It was a disheartening moment for the Canucks, who had revived themselves from a slow start. In the second period, Vancouver displayed an offensive punch that was almost wholly absent in the first. The Canucks fired 29 pucks at the Sharks net in the middle frame, more than triple the eight put toward Luongo. It was a complete reversal from the first period, when it was 27-11 Sharks in terms of pucks at the net. Still, for Vancouver in the second, the energy produced only one goal, and while the Canucks put the push on, there were unimpressive moments from the likes of the Sedins, both of whom had great looks at Niemi but hesitated, perhaps waiting for something more perfect, before the moment had passed, and the scoring chance neutralized.

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The second-period press, fairly consistent through the period, led to the first goal of the night. After an exchange of hits in the Vancouver end, the Canucks rushed ahead and a Kevin Bieska slap shot from a Jannik Hansen pass set the goal in motion. Niemi made the first save but a melee ensued, before Mason Raymond bumped Niemi in the head and knocked him on his backside, incidental contact, perhaps, but enough that the ensuing goal was questionable. Amid the swarm of bodies, Hansen hacked at the puck – and initially got credit for the goal – but it appeared former Canuck and current Shark Raffi Torres was responsible for pushing it into his own net. The credit for the goal was later revised to Bieksa, unassisted.

After the game, Vancouver coach Alain Vigneault said the Canucks have to shore up their game on numerous fronts, faceoffs, penalty killing, and goal scoring -- half-ruefully noting that Vancouver's only goal was scored by San Jose.

"I know our guys can play better than they did tonight," said Vigneault.

Four minutes after the Bieksa-Torres goal, the Sharks responded with a goal as pretty as the Canucks's marker was ugly. On a power play – after a sloppy and needless Zack Kassian roughing penalty – the Sharks were able to easily move the puck around the offensive zone and a Dan Boyle pass to Logan Couture was buried. Couture, from about 15 metres out, sent a wrist shot on a zipline to the top left corner, Luongo somewhat screened by his own defence, Bieksa, but really there wasn't much chance at all for the goaltender.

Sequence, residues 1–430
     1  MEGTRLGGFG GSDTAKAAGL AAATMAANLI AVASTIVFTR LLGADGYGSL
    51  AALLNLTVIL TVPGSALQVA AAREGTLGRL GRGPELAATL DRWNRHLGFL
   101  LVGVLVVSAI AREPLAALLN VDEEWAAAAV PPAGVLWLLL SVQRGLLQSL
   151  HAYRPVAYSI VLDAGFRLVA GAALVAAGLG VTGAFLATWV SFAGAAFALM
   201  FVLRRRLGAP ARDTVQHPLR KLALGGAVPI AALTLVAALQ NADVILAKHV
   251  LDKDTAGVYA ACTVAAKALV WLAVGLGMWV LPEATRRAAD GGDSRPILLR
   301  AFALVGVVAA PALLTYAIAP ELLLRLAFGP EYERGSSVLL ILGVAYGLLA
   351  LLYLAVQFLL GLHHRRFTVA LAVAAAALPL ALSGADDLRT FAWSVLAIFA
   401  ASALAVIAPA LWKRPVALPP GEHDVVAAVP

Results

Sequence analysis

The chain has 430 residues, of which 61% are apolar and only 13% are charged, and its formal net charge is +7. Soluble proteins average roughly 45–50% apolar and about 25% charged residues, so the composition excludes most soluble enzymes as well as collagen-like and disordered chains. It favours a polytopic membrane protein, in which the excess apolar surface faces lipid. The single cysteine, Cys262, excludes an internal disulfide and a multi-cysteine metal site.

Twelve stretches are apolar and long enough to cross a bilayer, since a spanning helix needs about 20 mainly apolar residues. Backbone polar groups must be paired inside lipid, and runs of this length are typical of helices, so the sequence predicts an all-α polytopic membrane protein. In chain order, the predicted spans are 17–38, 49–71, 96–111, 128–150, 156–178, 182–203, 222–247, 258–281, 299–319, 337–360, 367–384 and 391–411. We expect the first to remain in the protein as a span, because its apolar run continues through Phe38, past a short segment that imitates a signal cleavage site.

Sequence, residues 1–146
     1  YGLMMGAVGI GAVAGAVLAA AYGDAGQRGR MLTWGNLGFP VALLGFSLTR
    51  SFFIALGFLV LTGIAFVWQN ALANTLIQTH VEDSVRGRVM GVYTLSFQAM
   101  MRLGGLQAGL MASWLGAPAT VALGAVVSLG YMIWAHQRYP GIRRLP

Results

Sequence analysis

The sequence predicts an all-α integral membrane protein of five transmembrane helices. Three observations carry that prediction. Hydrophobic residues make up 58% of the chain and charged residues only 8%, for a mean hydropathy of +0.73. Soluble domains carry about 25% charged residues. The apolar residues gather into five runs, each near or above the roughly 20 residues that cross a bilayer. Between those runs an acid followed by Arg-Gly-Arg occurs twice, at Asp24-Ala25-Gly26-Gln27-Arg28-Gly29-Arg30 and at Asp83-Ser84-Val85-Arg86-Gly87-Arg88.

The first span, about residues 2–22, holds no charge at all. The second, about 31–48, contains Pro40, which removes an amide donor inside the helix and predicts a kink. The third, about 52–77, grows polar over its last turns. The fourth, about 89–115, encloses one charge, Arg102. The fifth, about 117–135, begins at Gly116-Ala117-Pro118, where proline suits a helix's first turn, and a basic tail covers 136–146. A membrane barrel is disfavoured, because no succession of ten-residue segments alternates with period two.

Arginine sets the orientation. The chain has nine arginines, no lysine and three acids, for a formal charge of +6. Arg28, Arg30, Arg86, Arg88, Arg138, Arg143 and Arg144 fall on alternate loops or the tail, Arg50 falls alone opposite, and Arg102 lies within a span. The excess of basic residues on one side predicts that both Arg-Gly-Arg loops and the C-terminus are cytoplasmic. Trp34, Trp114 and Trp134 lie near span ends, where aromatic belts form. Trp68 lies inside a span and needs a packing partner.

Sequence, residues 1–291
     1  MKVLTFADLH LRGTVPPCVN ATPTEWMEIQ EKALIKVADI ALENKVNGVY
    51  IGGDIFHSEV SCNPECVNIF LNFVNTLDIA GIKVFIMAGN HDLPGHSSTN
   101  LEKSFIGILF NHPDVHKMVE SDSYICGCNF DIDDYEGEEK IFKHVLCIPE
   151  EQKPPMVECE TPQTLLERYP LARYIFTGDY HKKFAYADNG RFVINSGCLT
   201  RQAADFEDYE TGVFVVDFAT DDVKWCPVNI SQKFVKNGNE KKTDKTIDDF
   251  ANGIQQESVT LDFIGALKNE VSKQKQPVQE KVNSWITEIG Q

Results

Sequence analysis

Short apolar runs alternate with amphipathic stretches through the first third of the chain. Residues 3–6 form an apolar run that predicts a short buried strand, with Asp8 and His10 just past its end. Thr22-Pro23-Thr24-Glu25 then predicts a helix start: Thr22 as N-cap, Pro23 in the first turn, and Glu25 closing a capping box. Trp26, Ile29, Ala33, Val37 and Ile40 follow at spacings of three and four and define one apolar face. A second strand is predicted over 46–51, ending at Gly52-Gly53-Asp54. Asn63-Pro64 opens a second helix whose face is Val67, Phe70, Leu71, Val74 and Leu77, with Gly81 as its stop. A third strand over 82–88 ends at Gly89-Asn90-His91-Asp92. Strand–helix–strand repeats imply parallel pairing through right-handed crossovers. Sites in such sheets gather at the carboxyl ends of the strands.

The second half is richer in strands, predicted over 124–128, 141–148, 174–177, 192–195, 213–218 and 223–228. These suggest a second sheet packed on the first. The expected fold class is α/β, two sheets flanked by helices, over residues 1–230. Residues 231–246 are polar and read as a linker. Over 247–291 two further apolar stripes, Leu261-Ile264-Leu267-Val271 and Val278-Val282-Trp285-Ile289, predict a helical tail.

The whole thing took place before a not-quite-full arena. The Canucks have claimed a sell-out streak running 432 games for the 18,910-capacity Rogers Arena, going back more than a decade, since November, 2002 – but tickets were available on Ticketmaster an hour before the puck dropped and a smattered of white towel-draped empty seats stood sentinel in the lower bowl through the game. The lower bowel was actually half-empty 10 minutes before the game before it quickly filled up and the crowd in attendance bellowed some jubilance, welcoming their team to the ice with an especially hearted "Luuuuuuuuuu!" for the long-time-starter-turned-backup-turned-unexpected-playoff-starter. Still, late in the third, attendance of 18,910 was claimed, another so-called sellout. The Canucks on the ice would have preferred a victory.

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About the Author
National correspondent, Vancouver bureau

David Ebner is a national correspondent based in Vancouver. He joined The Globe and Mail in 2000 and worked in Toronto and Calgary before moving to Vancouver in 2008. He has reported on a wide range of stories – business, politics, arts, crime – and has covered sports since 2012. More